Once upon a time, a new grass appeared in the yard. At first, I thought the narrow leaves were wild onion, but they didn’t taste oniony. They didn’t look oniony, either, not on closer inspection: each wore a silvery line down the middle of the green. Continue reading “Star of Bethlehem”→
There are swaths of yellow right now in Elmington Park: small yellow blooms massed in the lawn. I hope the city doesn’t mow soon, because the yellow is Nashville mustard—our mustard—and it needs to go to seed and spread. I saw it on the way to Hebrew School, and as soon as I could, I went back and parked the car in the lot, then parked my body flat on the grass.
To me, this particular “spring ephemeral” is as welcome as a wildflower. It is a sign of the season: a “cedar apple,” doing its wacky thing in wet spring weather. This one is on our volunteer red-cedar tree in the front yard, and I’ve been waiting for the rusty, dry galls to wake from winter. Continue reading “Cedar Apple”→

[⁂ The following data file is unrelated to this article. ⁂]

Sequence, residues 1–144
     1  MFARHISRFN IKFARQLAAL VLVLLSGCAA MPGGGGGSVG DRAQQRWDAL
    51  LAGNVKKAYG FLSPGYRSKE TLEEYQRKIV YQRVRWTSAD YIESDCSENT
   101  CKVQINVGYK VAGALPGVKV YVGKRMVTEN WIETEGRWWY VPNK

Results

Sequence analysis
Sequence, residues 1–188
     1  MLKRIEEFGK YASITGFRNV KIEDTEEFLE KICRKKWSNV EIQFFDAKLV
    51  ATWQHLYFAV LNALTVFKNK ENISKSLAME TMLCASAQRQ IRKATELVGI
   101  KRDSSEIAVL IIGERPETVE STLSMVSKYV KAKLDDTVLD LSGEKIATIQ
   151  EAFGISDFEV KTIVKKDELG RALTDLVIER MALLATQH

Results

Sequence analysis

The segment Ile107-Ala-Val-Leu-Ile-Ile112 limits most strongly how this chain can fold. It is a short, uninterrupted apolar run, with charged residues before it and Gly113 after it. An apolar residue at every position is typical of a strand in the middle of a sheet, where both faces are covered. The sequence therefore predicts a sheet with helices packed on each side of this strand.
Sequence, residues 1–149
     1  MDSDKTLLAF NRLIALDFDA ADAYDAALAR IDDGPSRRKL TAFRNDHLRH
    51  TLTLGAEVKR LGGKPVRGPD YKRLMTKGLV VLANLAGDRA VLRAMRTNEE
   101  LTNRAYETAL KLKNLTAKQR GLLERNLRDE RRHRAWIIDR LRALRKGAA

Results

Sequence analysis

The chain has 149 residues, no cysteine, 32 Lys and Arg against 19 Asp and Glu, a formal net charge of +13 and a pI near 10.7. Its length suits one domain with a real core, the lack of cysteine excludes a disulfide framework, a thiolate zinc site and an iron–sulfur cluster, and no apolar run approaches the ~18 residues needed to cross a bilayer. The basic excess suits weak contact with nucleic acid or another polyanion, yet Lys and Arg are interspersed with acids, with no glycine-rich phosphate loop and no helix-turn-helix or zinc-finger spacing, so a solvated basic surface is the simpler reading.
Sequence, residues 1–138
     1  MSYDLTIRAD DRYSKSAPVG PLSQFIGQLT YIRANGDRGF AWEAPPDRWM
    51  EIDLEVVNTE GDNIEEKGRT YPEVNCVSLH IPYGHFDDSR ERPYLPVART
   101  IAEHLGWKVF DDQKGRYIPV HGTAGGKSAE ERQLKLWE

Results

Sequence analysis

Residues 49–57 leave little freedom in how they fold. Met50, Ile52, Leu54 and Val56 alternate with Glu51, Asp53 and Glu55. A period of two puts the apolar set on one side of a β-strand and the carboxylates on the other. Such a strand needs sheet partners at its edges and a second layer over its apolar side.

Our dog loves hackberry trees. If there is a hackberry seedling within range of her face, she finds it. Under the neighbor’s boxwood, up the U-channel of the stop sign, poking from a storm drain, or wherever. She plucks the leaves with her teeth. She will chew as many as her leash lets her have time for. The seedling may be flanked by baby elm or privet or althea or bush honeysuckle of a similar size, but she only goes for hackberry leaves. Continue reading “Hackberry Jam”→
Oaks are hard. Hard wood, yes, and hard to identify. This morning, I’m trying to key out a mystery oak on our dog walk, so I came home with a twig, buds, acorns and leaves. A few leaves are still green, and the undersides (the abaxial surface, thank you) gave me pause. Continue reading “Leaf armpits”→
Fall is here, and stuff is falling. Look down. Although this site is called Look Around, sometimes and to some people, to look around is too tall an order. So look down. It’s easier. Down is just past the margins of our smartphones. And down is the quickest place to see signs of the seasons.
Snowberry Clearwing. Sounds like a unicorn name, doesn’t it? But it’s a type of sphinx moth—Hemaris diffinis—and before it becomes a moth, it’s a caterpillar. The caterpillar even has a single “horn,” though fake (to scare predators) and on the rear (to confuse predators). Continue reading “Snowberry Clearwing Caterpillar”→
Another favorite butterfly: the American Snout. That fabulous schnoz is supposed to mimic a leaf stalk: the better to camouflage the butterfly as dead leaf. The system doesn’t work so well on a window. Continue reading “American Snout”→